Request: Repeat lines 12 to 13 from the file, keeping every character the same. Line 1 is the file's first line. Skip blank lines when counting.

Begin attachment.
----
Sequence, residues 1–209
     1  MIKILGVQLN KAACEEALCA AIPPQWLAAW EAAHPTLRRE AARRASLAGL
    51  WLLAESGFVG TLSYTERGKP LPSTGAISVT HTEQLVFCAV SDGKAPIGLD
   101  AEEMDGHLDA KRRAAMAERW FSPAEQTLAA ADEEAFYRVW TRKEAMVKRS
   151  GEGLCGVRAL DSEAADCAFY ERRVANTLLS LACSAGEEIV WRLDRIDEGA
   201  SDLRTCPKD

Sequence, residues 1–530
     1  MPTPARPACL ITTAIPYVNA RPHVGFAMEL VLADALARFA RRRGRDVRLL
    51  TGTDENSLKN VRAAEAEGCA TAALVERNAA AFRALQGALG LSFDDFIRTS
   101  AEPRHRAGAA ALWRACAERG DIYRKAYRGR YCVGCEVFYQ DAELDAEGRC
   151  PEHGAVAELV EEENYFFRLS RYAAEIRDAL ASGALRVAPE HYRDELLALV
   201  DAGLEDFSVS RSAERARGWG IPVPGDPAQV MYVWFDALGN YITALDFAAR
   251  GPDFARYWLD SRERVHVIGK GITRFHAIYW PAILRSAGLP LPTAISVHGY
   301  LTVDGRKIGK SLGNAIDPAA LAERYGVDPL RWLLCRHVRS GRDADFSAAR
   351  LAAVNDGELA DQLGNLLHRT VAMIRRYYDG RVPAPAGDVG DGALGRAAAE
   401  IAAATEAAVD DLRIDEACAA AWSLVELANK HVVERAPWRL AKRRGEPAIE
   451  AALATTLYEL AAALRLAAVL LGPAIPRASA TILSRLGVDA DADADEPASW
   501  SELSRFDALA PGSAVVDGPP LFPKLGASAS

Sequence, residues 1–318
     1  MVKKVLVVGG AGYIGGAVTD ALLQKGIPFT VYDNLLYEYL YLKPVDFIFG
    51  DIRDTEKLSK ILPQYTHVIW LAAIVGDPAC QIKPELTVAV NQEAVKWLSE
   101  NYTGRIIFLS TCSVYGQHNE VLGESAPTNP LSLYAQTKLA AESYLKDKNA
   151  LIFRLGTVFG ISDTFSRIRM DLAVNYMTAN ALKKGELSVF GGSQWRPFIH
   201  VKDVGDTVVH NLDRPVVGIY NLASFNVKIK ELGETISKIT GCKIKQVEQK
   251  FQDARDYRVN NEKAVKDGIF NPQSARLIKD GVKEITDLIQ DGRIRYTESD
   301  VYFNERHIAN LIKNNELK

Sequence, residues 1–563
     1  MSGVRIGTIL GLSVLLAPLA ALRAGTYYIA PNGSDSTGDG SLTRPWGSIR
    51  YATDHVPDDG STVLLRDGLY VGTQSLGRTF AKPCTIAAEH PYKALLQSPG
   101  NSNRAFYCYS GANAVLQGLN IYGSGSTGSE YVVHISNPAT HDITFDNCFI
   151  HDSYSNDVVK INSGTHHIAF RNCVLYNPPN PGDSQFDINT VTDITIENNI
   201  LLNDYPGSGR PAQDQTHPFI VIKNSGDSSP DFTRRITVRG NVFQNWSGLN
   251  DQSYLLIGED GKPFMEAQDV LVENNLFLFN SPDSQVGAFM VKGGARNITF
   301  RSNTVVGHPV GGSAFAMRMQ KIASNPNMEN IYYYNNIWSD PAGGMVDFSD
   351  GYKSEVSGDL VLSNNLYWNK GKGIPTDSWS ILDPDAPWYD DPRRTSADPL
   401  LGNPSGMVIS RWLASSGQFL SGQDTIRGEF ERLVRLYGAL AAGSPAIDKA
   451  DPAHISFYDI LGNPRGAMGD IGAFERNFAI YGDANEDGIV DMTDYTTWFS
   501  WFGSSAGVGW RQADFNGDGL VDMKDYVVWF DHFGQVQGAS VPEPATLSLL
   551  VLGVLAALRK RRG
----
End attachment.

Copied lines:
   201  DAGLEDFSVS RSAERARGWG IPVPGDPAQV MYVWFDALGN YITALDFAAR
   251  GPDFARYWLD SRERVHVIGK GITRFHAIYW PAILRSAGLP LPTAISVHGY